What a 1690s Advice Columnist Would Say About Pale Male and Lola

Dear CF,

NPR ran a story today on a brave settler, one Pale Male, red-tailed hawk, who decided to make Central Park in New York City home. The story was more or less built around his lady-love Lola, a red-tailed hawk with whom he had raised seven eyesses (this, I learned, is the word for baby red-tailed hawk chicks).  Lola, like the man who customarily left Edgar Allan Poe half a bottle of cognac and three roses, is gone, and presumed dead.

Pale Male

It’s a tearjerker of a story, but we needn’t despair. Red-tailed hawks aren’t particularly prone to heartbreak. Pale Male already has a new mate, Ginger, and he’s had several others in the past, including First Love, Chocolate, then (ironically) First Love again. (She was injured the first time and they reunited after Chocolate’s death).

Then there was Blue, the mate with whom he raised eleven eyasses. Get this: Blue disappeared (or so Wikipedia tells me) right around September 11, 2001. Spooky!

The radio program ended with the reporter hoping that Lola hadn’t died, that she’d just “grown tired of it all” and flown South to start a new life.

I’m surprised, sometimes, by how desperately we try to build a meaning nest out of the twigs we find in the animal world. This is true of the Mama Grizzly phenom, which I wrote about way back when, and it’s still true of the Tiger Mother kerfuffle now. Still, I GET it. Every part of this story plays so well. Pale Male, that Thomas Sutpen of red-tailed hawks, builds his outlandish house in an inappropriate space (and hires the equivalent of a French architect to boot—the nest, surrounded as it was with metal spikes to keep pigeons away, was a mite unorthodox).  One mate after another dies. In 2001, he survives the quintessential American tragedy. He doesn’t mourn, he doesn’t grieve. He moves grimly on; he rebuilds on the spiked and inhospitable ground where he’s staked his claim and perseveres, stupidly, stubbornly, in living his settler dream.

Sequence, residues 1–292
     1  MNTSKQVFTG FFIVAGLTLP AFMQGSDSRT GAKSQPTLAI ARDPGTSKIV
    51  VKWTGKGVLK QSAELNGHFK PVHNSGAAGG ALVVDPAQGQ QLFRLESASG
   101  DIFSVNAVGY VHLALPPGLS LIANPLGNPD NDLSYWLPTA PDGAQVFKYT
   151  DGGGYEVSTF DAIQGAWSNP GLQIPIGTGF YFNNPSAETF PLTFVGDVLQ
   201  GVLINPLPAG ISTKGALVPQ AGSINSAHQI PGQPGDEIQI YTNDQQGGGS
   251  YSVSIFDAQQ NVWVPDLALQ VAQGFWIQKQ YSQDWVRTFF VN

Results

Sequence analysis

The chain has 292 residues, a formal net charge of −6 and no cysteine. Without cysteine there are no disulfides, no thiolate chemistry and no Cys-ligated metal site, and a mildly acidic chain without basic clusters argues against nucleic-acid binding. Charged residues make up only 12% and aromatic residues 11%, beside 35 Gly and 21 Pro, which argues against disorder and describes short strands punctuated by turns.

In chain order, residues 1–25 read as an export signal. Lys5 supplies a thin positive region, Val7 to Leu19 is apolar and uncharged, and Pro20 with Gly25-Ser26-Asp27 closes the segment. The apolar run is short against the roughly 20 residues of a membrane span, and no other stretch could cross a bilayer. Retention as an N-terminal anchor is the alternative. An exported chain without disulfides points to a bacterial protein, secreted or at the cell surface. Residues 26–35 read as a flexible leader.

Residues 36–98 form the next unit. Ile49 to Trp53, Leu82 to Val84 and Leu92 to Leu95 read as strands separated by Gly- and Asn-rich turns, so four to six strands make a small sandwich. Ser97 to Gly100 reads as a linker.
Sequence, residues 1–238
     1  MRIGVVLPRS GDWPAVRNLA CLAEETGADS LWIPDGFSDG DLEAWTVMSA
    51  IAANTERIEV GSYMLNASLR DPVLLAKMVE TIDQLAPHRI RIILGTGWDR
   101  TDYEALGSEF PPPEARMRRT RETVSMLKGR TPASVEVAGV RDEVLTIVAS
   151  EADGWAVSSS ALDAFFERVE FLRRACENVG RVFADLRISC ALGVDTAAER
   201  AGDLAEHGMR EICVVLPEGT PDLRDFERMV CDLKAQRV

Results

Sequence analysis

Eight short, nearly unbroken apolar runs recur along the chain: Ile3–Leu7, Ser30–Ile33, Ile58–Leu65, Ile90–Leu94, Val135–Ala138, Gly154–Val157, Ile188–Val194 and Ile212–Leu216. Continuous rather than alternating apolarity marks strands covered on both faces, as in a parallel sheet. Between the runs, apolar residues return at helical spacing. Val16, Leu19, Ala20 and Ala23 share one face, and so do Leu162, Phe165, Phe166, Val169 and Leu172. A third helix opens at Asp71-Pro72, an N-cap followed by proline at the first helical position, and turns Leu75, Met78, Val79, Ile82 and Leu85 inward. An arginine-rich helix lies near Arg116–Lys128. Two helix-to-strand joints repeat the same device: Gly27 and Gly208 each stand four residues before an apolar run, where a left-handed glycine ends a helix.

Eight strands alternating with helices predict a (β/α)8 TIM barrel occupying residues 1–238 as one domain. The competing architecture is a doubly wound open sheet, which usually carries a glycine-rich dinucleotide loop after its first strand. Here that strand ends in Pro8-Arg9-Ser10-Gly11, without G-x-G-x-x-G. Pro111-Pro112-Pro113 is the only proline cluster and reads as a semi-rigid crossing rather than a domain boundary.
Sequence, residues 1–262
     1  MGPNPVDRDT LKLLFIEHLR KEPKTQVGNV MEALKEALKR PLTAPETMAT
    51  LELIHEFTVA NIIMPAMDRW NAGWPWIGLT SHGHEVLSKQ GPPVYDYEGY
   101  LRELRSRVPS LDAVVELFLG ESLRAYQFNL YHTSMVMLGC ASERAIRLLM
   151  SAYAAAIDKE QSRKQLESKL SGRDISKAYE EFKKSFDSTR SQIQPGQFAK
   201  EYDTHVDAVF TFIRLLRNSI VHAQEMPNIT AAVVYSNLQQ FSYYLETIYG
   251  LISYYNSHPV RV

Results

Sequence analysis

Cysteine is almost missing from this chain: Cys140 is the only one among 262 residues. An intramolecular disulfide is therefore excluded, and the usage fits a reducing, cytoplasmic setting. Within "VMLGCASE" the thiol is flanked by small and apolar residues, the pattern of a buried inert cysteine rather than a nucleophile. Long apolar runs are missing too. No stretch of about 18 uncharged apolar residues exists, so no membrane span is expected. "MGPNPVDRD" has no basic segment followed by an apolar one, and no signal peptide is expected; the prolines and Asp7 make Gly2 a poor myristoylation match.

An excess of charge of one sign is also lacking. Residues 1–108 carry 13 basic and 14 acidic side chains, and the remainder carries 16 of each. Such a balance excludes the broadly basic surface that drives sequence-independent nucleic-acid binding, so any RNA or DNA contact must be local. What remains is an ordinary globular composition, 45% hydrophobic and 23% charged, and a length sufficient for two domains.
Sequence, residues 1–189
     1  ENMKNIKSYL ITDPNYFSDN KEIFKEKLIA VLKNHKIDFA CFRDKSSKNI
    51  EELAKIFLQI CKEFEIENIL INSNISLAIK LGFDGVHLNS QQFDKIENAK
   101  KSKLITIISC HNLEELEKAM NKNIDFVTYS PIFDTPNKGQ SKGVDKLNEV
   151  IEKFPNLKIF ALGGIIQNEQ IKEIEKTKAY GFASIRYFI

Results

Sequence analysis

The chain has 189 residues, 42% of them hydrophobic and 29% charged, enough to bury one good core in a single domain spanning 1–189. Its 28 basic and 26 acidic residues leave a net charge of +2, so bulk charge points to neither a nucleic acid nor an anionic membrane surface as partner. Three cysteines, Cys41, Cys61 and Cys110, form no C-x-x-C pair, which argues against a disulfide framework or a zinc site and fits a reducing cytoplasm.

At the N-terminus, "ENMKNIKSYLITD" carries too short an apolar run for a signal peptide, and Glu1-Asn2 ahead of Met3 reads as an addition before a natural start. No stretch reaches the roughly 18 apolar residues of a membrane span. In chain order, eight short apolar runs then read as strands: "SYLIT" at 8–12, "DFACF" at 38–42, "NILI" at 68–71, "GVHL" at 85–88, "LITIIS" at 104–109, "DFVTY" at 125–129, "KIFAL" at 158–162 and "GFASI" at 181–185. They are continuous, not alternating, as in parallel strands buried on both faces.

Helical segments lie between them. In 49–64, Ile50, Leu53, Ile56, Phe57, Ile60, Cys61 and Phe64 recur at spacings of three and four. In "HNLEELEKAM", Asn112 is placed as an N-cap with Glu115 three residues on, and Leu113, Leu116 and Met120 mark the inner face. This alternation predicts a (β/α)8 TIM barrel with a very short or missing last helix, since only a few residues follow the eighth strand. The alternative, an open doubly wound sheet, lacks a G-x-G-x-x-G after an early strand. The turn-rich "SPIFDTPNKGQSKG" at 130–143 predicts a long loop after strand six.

It’s delicious. I get it. I’d be on board, were it not for one thing.

I’ve actually worked with red-tailed hawks.

And I’m sorry to say that, impressive as they are, you’d be hard-pressed to find an animal less in tune with our metaphysical enterprise. The vulture? Maybe. The center I worked for had one, and our vulture cut a gray, dispiriting figure. He spent his days taciturn, drooped, defeated, kicking around idly in the dust. In order to transfer him from his pen to his cage I had to sneak up and hug him from behind, otherwise he’d throw up on me. (This is a common reflex, made rather more reflexive since I had just fed him some fresh sliced-open pigeon.) I wasn’t very good at vulture-hugging-by-surprise, so we usually spent some time running around the tiny enclosure in a flurry of ruffled feathers and, occasionally, barf.

The owls, of which there were two, were curmudgeonly, dirty, unkempt—Rooster Cogburn and Jack Nicholson. They seldom bothered to open their second set of eyelids to look at you (they have 3 sets in toto). Try to jess them, though, and they’d spring to life. They’d twist, shuffle, turn, peck and sink those claws into and through your protective glove till you chickened out, nursed your perforated arm and got your dander up to try again.